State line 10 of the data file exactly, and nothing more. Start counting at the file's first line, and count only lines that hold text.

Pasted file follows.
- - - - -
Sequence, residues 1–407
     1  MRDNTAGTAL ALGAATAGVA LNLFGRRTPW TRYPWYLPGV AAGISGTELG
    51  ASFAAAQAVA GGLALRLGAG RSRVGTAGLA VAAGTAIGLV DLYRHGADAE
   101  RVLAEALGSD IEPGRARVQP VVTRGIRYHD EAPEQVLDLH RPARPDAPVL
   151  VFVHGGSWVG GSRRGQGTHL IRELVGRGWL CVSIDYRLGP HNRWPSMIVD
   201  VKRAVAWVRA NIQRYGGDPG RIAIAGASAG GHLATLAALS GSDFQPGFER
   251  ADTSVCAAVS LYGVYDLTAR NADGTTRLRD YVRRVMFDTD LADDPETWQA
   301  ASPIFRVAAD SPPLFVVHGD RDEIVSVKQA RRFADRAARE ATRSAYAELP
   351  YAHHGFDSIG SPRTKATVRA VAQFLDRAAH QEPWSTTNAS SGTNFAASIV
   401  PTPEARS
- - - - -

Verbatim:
   401  PTPEARS